“I have no doubt that, if the attack on Dr. Ford was as bad as she says, charges would have been immediately filed with local law enforcement authorities by either her or her loving parents,” Trump tweeted on Sept. 21. “I ask that she bring those filings forward so that we can learn [the] date, time, and place!”

This Tweet sparked a variety of responses, with a hashtag created #WhyIDidntReport for victims to share their own stories of sexual assault.

The hashtag was not the only way social media was used during the confirmation process. Archer junior Emily DeLossa said she used Snapchat to discuss the hearing with a friend that has differing political beliefs in what she called a “very frustrating conversation.”

Photo credit: Anna Brodsky
Archer girls discuss their feelings during a council about Brett Kavanaugh. The rules of the council included speaking from the I perspective, respecting confidentiality, embracing messiness and kindness, practicing accountability and being aware of equity of voice.

“This person kept trying to say he was innocent, and I believe with all my heart that he isn’t, and I think we should believe her even if there is not a lot of corroborating evidence — which is the point he was trying to make — [because] I think it is important to believe a female story,” DeLossa said. “In the end [the conversation] didn’t end up being the way I wanted it to be, [but] I know we can’t convince everyone our political viewpoints [are correct.]”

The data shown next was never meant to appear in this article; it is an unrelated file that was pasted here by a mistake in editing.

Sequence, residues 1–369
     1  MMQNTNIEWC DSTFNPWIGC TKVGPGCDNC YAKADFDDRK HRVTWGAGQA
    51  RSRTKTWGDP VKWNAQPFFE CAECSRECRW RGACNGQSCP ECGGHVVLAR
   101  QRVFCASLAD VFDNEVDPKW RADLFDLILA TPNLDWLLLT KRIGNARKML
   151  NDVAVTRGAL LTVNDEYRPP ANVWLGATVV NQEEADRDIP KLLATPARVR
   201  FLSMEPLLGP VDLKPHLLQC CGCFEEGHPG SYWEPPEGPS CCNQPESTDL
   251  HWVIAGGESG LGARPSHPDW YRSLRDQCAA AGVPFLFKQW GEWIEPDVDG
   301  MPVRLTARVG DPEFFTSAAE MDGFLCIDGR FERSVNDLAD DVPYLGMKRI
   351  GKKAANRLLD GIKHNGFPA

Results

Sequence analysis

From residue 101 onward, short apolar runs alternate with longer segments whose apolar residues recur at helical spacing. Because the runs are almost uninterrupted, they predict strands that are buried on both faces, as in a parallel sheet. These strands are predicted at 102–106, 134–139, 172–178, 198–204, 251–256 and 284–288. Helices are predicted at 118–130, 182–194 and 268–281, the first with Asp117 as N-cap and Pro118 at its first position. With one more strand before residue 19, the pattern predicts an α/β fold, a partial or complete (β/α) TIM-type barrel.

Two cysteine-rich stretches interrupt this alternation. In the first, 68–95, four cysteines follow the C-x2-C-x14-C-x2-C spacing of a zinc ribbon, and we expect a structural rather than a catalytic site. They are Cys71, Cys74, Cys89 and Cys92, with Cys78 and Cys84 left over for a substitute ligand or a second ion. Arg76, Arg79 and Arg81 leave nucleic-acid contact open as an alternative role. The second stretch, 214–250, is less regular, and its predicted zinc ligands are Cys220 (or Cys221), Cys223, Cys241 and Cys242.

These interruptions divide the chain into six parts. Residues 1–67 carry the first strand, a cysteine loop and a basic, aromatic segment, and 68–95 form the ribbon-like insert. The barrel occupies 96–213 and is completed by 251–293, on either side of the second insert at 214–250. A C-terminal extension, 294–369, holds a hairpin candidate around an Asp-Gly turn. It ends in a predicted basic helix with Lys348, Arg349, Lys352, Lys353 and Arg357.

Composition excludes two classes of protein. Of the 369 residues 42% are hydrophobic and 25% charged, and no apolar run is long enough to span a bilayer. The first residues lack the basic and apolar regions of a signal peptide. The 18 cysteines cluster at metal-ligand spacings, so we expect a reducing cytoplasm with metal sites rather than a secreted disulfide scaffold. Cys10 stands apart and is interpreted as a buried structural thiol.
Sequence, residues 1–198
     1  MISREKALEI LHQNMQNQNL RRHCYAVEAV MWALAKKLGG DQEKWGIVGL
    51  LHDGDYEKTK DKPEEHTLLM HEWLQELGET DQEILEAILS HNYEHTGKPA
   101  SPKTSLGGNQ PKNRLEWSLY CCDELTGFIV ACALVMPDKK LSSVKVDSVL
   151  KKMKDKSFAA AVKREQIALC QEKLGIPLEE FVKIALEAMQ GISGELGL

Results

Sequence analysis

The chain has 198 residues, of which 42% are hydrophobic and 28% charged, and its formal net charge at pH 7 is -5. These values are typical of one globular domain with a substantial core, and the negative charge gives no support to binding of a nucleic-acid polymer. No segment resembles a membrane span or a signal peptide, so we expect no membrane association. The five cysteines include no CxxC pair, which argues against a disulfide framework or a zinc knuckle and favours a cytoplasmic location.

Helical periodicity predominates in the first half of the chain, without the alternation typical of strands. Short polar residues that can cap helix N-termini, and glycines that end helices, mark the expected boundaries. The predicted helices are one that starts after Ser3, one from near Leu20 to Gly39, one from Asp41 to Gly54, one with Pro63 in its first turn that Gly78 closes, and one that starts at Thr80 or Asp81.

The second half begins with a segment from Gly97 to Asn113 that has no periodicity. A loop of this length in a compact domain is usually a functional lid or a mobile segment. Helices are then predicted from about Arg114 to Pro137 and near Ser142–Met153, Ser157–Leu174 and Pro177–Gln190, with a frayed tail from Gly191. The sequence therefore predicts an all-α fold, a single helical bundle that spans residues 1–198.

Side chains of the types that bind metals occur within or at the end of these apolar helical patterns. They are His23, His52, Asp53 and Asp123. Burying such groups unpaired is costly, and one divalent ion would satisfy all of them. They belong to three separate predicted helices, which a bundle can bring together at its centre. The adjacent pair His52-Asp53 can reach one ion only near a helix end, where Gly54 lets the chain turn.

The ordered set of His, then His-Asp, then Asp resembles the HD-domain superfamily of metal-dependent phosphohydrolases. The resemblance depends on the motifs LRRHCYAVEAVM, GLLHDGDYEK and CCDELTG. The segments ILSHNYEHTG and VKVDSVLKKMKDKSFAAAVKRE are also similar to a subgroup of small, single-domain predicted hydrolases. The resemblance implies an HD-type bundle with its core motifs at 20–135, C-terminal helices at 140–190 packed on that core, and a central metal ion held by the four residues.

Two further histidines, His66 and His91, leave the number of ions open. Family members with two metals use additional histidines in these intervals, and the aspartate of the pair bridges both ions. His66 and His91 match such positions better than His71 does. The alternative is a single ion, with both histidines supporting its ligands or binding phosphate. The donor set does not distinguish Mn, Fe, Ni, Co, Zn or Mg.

According to Pew Research Center, Republicans and Democrats are more divided ideologically than America has seen in the last two decades. The study found that citizens with liberal views were more likely to block a friend on social media because of differing politics. Conversely, 66 percent of consistent conservatives said their close friends share their views on politics and government.

Kavanaugh’s hearing has reached more than just women. Loyola High School sophomore Nolan Rice said if sexual misconduct allegations are credible, accused men should not be able to serve as judges.

“If he truly did commit a sexual [violation], then no, I don’t think he should be able to be a lifetime judge in any shape or form,” Rice said. “I believe her story [because] it sounds credible…you can’t really expect her to remember everything.”

According to another digital survey of 132 upper school students, 76.4 percent of students said their experience at an all-girls school shaped how they see the trial, while 23.6 percent of students said their educational environment did not have an impact.

Dohr commented upon how her students have been affected by the confirmation process within the school environment.

“I often drive home filled with deep sadness for the young women I teach,” Dohr said. “I see the looks in their eyes…in terms of how personally they are impacted by injustice, particularly instances [against] women.”

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1 Comment

One Response to “Archer reacts to Kavanaugh confirmation: ‘Disappointed’ by decision”

  1. Nina Sperling on November 27th, 2018 10:57 am

    This was so interesting!